Public Works director spells out bleak, expensive future for St. Paul roads

Without a significant increase in yearly spending by the city, St. Paul's rough streets will start failing completely in the near future, officials from the public works department warned members of the city council on Wednesday.

It was rough news for the council to hear but also not unexpected. The question now: Where to find the money?

Every eight years in St. Paul, every street gets a resurfacing. But, every 50 to 60 years, they need to be rebuilt entirely and, under current funding, that’s not even close to reality.

"The report we’re giving today is really intended to be a conversation starter," said St. Paul Public Works Director Kathy Lantry.

Speaking Wednesday, Lantry and city engineer Paul Kurtz told a city council committee that the 20-year outlook is bleak. And with the money they have -- $22 million a year -- the already rough streets will fall apart far faster than they can afford to rebuild them.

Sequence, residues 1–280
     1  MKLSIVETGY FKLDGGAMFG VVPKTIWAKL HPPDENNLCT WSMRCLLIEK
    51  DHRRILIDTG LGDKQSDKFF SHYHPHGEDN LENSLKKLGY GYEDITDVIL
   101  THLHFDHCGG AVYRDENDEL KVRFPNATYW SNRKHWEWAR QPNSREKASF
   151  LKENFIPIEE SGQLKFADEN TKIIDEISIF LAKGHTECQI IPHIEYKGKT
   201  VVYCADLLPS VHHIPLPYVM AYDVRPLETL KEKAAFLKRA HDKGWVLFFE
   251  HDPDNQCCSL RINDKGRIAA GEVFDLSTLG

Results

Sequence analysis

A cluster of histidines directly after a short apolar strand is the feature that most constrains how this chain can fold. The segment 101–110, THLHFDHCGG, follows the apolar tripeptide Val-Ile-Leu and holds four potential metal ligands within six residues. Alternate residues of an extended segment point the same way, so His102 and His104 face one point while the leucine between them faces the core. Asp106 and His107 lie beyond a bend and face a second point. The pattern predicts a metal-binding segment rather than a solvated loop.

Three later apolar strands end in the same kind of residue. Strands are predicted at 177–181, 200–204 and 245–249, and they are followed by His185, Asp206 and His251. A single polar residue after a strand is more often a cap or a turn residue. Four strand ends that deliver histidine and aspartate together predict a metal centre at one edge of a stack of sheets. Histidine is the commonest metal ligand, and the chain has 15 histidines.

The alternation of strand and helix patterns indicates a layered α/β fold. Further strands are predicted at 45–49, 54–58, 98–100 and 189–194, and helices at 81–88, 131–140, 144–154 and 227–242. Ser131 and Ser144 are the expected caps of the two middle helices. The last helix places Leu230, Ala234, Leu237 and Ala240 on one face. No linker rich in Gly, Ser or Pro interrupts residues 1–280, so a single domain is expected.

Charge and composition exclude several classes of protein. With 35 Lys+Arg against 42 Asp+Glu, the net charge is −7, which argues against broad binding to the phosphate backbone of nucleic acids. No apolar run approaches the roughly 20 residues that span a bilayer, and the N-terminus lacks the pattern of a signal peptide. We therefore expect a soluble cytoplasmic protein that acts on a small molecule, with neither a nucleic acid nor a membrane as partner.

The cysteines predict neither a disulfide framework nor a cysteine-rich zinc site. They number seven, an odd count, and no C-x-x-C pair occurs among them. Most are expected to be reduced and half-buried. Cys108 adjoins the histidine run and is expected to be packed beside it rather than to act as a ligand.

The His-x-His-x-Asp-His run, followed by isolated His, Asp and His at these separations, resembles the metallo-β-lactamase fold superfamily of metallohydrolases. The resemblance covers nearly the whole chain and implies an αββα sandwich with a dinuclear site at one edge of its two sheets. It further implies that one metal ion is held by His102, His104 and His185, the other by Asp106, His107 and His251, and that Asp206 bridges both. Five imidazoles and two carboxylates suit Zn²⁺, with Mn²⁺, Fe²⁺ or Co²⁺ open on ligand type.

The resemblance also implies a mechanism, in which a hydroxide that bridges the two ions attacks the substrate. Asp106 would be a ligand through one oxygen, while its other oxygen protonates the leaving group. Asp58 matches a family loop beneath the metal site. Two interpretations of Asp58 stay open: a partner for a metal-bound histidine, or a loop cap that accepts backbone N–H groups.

"So they’re going to deteriorate pretty quickly if we stay the course," Kurtz said. "If funding levels stayed constant, 80 percent of our residential streets would be in poor, very poor, serious or failed condition 20 years from now."

To get beyond the patching and resurfacing, to more aggressive pace of rebuilding, the need is more than double. The challenge for the council: Where to find another $29 million a year?

"To let the public know that we share their concern about the condition of the streets and that we have to make some really hard choices to get us where we need to get," said councilmember Jane Prince.

Prince blamed short-sighted decision-making two decades ago by council members for putting the city in the crisis. Officials say they are currently looking into methods to create the funds for the roads, including identifying new revenue sources or asking the state legislature for help.